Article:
Location

Bolton Landing, New York

Date

19-6-2013

Session

Session 6 – Lectures Driver Performance and Simulation Studies

Abstract

We conducted on-road and simulator studies to explore the mechanisms underpinning driver-rider crashes. In Study 1 the verbal protocols of 40 drivers and riders were assessed at intersections as part of a 15km on-road route in Melbourne. Network analysis of the verbal transcripts highlighted key differences in the situation awareness of drivers and riders at intersections. In a further study using a driving simulator we examined in car drivers the influence of acute exposure to motorcyclists. In a 15 min simulated drive, 40 drivers saw either no motorcycles or a high number of motorcycles in the surrounding traffic. In a subsequent 45-60 min drive, drivers were asked to detect motorcycles in traffic. The proportion of motorcycles was manipulated so that there was either a high (120) or low (6) number of motorcycles during the drive. Those drivers exposed to a high number of motorcycles were significantly faster at detecting motorcycles. Fundamentally, the incompatible situation awareness at intersections by drivers and riders underpins the conflicts. Study 2 offers some suggestion for a countermeasure here, although more research around schema and exposure training to support safer interactions is needed.

Rights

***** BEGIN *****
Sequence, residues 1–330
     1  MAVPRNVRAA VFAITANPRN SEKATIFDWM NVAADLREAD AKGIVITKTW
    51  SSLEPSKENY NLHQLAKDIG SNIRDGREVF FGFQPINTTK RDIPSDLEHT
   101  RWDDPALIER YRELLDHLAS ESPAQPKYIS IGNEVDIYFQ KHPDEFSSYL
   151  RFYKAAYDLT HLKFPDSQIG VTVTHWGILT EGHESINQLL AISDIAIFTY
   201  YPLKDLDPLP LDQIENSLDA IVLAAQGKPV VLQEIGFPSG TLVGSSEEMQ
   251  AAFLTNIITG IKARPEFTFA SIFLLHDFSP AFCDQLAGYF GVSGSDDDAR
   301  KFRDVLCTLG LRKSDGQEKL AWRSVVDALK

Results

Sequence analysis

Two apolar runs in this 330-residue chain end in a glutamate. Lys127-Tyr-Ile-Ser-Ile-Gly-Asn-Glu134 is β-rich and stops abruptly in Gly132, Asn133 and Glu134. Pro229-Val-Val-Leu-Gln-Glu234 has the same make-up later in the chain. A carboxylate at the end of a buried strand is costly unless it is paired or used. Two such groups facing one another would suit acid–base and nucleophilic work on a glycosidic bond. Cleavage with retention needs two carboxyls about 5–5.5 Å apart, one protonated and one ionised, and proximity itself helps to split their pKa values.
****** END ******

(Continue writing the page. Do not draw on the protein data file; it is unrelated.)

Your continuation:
Copyright © 2013 the author(s)

DC Citation

Proceedings of the Seventh International Driving Symposium on Human Factors in Driver Assessment, Training and Vehicle Design, June 17-20, 2013, Bolton Landing, New York. Iowa City, IA: Public Policy Center, University of Iowa, 2013: 271-277.

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Jun 19th, 12:00 AM

Interactions between Cars and Motorcycles: Testing Underlying Concepts through Integration of On-Road and Simulator Studies

Bolton Landing, New York

We conducted on-road and simulator studies to explore the mechanisms underpinning driver-rider crashes. In Study 1 the verbal protocols of 40 drivers and riders were assessed at intersections as part of a 15km on-road route in Melbourne. Network analysis of the verbal transcripts highlighted key differences in the situation awareness of drivers and riders at intersections. In a further study using a driving simulator we examined in car drivers the influence of acute exposure to motorcyclists. In a 15 min simulated drive, 40 drivers saw either no motorcycles or a high number of motorcycles in the surrounding traffic. In a subsequent 45-60 min drive, drivers were asked to detect motorcycles in traffic. The proportion of motorcycles was manipulated so that there was either a high (120) or low (6) number of motorcycles during the drive. Those drivers exposed to a high number of motorcycles were significantly faster at detecting motorcycles. Fundamentally, the incompatible situation awareness at intersections by drivers and riders underpins the conflicts. Study 2 offers some suggestion for a countermeasure here, although more research around schema and exposure training to support safer interactions is needed.